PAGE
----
Sun Airway Nocturne of Exploded Crystal Chandelier(Dead Oceans) Buy it from Insound
Belonging to Philadelphia’s booming independent rock scene, Sun Airway have made a name for themselves by implementing the more sonically charged branch of pop music. Bored of making guitar chords the center of their sound with past groups, main songwriter Jon Barthmus shifted this more conventional approach by painting electronic strokes without forgetting the rewards that come from building structured pieces of songcraft. Bringing member Patrick Marsceill along for the ride, attention quickly grew after they spruced up intriguing remixes of hotly-tipped acts such as Delorean, Here we Go Magic, and Caribou.
Usually, when artists decide to renovate their artistic stance, they increase their degree of danger because such experiments come off as half-hearted and imprudent. Contrary to what such a foundation might dictate, Sun Airway’s first full effort sounds too sure of itself. It resonates too deceptively confident, as if Barthmus kept his electronic endowment silent all these years. In theory, they’re not really stepping into new territory, taking the blissful sounds of hazy pop and inverting those with an array of processed sounds and sampled melodies. Comparisons to Merriweather Post Pavilion have come up and with good reason: Nocturne of Exploded Crystal Chandelier beams like a celebratory encounter between oddity and freedom, looping little joyful moments and spiraling them into an otherworldly spectrum of wonder.
Sun Airway just about fill a cloud of atmospheric synth tones from beginning to end, yet it never becomes a hindrance because they prefer coming on as an actual band than an engineering duo. Most impressive is the fact that they achieve warmth through such a plasticky exterior. Nocturne is in every practical sense a manufactured patchwork of computer-generated instrumentation with hardly an analogous product in sight. American West functions as a fitting example of carefully mingling with multi-layered synths without discarding pop’s everlasting template. Straight-ahead pop hooks are always the norm, dictating the chorus over mechanized drumbeats and danceable new wave tactics. Other times, they’re all about filling the room with beautiful sound echoes - take Swallowed in the Night, which takes a rhythmic breather by limiting the palette to Barthmus’ harmonized vocals and a wash of blissful, starry haze.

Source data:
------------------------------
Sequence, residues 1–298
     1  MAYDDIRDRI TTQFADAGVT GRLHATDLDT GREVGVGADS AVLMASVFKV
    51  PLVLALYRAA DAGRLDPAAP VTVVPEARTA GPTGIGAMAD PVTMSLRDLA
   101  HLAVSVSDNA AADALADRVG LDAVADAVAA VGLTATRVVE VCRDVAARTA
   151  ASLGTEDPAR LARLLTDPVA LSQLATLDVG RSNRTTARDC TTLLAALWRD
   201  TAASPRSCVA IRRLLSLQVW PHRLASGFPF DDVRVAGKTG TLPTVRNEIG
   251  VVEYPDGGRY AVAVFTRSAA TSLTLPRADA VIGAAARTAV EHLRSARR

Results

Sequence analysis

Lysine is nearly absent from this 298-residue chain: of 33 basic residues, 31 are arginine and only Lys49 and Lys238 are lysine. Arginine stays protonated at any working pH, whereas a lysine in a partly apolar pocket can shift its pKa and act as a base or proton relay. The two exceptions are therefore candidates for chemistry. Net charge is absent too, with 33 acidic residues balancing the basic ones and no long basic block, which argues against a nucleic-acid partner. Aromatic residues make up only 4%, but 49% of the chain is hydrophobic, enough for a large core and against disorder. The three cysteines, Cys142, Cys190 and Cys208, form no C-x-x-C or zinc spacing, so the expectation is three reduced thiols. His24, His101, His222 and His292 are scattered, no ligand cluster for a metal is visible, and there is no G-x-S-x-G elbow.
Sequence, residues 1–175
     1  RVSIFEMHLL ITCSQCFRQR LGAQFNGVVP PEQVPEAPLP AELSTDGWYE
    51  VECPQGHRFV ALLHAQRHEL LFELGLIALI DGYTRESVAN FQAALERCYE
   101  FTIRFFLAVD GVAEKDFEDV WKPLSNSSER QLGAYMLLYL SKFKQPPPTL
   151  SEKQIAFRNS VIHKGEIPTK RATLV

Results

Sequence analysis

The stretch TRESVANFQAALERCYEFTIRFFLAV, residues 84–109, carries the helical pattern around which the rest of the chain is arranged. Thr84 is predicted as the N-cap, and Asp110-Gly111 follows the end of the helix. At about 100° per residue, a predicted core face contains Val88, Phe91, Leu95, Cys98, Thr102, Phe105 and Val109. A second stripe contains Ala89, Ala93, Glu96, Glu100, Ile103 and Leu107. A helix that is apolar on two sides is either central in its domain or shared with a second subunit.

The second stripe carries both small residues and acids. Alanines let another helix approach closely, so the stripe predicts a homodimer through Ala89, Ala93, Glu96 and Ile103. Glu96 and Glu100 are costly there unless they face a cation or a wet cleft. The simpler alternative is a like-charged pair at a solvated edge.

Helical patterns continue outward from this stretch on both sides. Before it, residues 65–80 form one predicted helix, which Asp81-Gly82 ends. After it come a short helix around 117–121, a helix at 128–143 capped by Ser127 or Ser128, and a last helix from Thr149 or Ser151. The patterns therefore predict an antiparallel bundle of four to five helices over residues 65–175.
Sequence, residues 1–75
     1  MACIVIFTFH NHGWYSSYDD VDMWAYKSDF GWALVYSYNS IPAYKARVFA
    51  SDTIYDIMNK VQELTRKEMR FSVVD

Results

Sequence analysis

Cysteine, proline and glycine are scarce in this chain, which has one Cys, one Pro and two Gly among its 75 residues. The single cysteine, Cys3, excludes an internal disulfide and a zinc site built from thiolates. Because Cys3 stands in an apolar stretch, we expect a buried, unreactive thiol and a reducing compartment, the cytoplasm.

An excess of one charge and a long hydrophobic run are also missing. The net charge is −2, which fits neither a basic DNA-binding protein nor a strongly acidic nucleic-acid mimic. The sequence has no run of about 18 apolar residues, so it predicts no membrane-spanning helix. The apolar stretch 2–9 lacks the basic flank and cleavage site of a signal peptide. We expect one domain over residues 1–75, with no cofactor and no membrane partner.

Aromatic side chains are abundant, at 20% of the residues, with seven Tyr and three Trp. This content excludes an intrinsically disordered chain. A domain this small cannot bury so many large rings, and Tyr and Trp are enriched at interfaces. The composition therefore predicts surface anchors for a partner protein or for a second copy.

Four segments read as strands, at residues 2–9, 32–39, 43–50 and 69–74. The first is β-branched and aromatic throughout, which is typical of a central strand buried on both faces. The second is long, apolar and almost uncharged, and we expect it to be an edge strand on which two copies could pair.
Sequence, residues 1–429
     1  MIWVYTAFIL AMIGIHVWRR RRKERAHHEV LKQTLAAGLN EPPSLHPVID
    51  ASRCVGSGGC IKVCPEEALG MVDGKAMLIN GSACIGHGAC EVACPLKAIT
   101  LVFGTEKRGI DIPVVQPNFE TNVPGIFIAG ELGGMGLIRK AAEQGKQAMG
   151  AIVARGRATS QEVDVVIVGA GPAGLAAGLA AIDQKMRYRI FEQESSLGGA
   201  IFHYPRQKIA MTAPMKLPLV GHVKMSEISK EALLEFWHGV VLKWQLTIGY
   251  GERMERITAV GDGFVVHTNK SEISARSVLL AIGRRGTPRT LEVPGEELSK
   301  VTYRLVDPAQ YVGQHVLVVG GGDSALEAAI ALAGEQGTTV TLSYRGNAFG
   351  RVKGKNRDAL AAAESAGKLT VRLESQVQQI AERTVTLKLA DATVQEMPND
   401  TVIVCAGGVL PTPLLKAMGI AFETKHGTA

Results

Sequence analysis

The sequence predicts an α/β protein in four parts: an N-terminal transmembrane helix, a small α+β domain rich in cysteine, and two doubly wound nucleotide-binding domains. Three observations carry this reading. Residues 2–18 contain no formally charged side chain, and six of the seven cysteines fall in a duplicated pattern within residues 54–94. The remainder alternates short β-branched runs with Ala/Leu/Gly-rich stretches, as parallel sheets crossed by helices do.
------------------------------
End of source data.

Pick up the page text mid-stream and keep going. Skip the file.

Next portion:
Since Nocturne is structured like an indie pop record, many of the songs glisten because they leave headway for the choruses to achieve their engaging moments, a task they couldn’t have achieved had they focused on exclusively making droning electronic music. They certainly take a cue from electro-pop darlings the Postal Service, especially since most of the synth lines sound too clean and most of the effects come close to literally sounding just like bleeps and bloops. Actors veers dangerously close to the former duo’s preset synths and tinny vocals, restraining any variety to achieve subtlety. In the elliptical tribal groove of Waiting for You, Barthmus shares similarities with Ezra Koenig’s spoken word/reggae-tinged vocal delivery, which comes off as gracefully charming alongside the Afro-pop angle. Bartmus’ playful attempts never come off as brassy or awkward, limiting his vocal range up to where the intrinsic nature of the songs carries him.
Nocturne does exhaust its limitless possibilities around its last few tracks, especially when it opts to mirror some of the earlier songs but with new gimmicks to disguise them. Deciding to modulate an Asian timbre or 808 handclaps feels more complacent than inventive, especially when the previous soaring effects suddenly derail towards an obfuscated finale. Respectably, Sun Airway do constantly challenge themselves by taking the unexplored route of achieving sturdy compositions through electronic textures, especially in a time when house and nu-rave are fast becoming indie’s current electronic touchstones. They aren’t just rejoicing their hard work, but also to the merit of achieving a truly cohesive experience.30 October, 2010 - 18:51 — Juan Edgardo Rodriguez